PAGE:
How do you solve a problem like America? Where do you even start? Everything — the war, the demagoguery, the blanket repeal of civil liberties, the whole big mess — seems so entrenched and so intertwined that it’s paralyzing. I’m so hopeless these days that things will ever get better, to the point where I’m not sure I can take yet more rehashing of the fiasco.
So that’s where I was when I approached Lions for Lambs. Another movie about the Iraq/Afghanistan clusterfuck and the “war on terror”? There’s been so many of them lately (some of which haven’t been released yet, but that I’ve seen, and been devastated by; I’m thinking of Brian De Palma’s Redacted, particularly), which is perfectly understandable. It’s like we’ve all come to this point at the same time, of waking up a little bit, maybe, from the shellshock of the rush to invasion in 2003 and looking around and saying, Shit, this war is still on? And then comes the impetus to try to make some sense of it.
But sense has been made — many of these movies (In the Valley of Elah, Home of the Brave, the muckraking work of documentarian Robert Greenwald such as Uncovered: The War on Iraq) have helped shape our understanding of how FUBARed the war is. Now the question is: What do we do about it? No movie has even attempted to ask that question, never mind answer it, till this one. Lions for Lambs, it transpires, is not just more kicking around of the ball. It’s the most frank discussion yet about the war and the state of this country I’ve seen at the movies, one that tries to capture the situation realistically and intelligently and without indulging in dogmatic ideology. If it made me both sad and hopeful at the same time, well, that’s because there isn’t going to be an easy answer, and it’s going to take us longer to dig ourselves out than it took us to dig ourselves in.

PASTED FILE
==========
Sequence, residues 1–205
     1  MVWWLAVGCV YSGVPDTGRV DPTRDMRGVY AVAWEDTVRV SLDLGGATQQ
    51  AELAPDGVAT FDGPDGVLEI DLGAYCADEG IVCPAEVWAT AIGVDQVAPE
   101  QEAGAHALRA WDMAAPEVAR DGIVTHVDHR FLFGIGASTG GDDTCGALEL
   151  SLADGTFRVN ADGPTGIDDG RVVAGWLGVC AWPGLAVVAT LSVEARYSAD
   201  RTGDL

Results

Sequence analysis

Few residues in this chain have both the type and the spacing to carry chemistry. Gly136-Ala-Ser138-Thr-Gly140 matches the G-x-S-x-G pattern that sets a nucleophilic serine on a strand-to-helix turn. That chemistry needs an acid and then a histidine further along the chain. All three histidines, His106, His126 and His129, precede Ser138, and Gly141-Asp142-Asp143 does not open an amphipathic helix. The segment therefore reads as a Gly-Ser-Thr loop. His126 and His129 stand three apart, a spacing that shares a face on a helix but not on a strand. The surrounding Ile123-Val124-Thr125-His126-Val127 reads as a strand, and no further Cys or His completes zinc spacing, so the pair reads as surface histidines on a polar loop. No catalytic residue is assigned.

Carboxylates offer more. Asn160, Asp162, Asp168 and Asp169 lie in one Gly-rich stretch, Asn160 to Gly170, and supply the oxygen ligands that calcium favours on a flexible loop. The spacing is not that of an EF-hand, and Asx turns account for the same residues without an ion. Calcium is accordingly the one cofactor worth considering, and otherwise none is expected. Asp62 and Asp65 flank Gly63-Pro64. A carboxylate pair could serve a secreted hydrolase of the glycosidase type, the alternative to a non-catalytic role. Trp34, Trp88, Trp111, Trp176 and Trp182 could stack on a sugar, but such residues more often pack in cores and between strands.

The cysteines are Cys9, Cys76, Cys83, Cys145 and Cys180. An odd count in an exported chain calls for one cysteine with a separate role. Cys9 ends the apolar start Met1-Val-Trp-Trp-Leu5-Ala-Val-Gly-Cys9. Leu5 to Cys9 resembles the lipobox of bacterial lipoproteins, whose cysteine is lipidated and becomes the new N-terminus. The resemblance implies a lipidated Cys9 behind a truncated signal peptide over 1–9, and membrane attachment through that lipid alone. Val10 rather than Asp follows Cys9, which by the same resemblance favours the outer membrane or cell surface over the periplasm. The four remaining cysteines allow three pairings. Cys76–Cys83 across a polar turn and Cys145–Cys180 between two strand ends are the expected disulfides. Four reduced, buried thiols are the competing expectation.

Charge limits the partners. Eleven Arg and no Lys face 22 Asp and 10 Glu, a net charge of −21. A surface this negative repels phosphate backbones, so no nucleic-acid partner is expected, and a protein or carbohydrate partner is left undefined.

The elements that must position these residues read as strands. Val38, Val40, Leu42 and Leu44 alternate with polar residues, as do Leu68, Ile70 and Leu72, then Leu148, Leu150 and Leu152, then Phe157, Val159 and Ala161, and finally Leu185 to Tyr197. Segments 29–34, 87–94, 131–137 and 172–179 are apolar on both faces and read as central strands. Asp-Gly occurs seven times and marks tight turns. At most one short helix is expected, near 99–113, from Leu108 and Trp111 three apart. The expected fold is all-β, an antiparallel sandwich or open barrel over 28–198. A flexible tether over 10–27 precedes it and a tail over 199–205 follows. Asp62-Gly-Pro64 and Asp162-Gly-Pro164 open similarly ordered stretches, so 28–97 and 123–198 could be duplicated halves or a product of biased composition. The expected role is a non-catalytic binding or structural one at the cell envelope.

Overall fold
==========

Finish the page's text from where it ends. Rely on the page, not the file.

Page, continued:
A generation, maybe. That’s the hard answer that comes out of the triptych of interconnected stories here. All on one morning, at precisely the same hour, TV journalist Janine Roth (Meryl Streep: Rendition, Evening) interviews a hotshot young Republican senator, Jasper Irving (Tom Cruise: Mission: Impossible III, War of the Worlds), about his new initiative to take back the high ground — morally and militarily and practically — in Afghanistan; two young American grunts, Ernest Rodriguez (Michael Peña: Million Dollar Baby, Crash) and Arian Finch (Derek Luke: Catch a Fire, Friday Night Lights), find themselves in the hot middle of Irving’s Afghan minisurge; and California college prof Stephen Malley (Robert Redford [An Unfinished Life, The Clearing], who also directed) tries to wake up the soul and conscience of a promising student, Todd Hayes (Andrew Garfield: Doctor Who), who is squandering his gifts.
There are surprises in how the stories interconnect — some are, perhaps, rather foreseeable, but how they develop is not. What’s important, though, is not so much the drama onscreen — even if it does end up being more riveting than you might imagine it could be, as talky as the movie is — but the ideas it represents. This is one of those movies I was thinking about the other day, one of those “not just a movie” movies: it could jumpstart new dialogue that could get us past that hopeless funk that seems to blanketing so many of us of late. If we let it.
You don’t even need to agree with everything said here to appreciate that there’s something new being said, and that that can be the beginning of a new approach. Cruise’s neocon young Republican is a bit terrifying, in fact — he says things like, “Do you want to win the War on Terror? Yes or no?” which is one of those “So, when did you stop beating your wife?” questions that forces you to accept suppositions that you might not want to accept. The hippie 60s idealism of Redford’s professor might be a tad too optimistic, the cynicism of Garfield’s student a bit too easily altered, the nobility of Peña and Luke’s soldiers a bit too convenient.
But it’s all okay. Because underneath it all, for all its wonkishness and pragmatism, Lions for Lambs is an oddly compassionate and affectionate ode to the muscle of youth, the wisdom of age, and to the possibility of getting both of them — and those of us in the middle — working together to affect change on the deepest levels.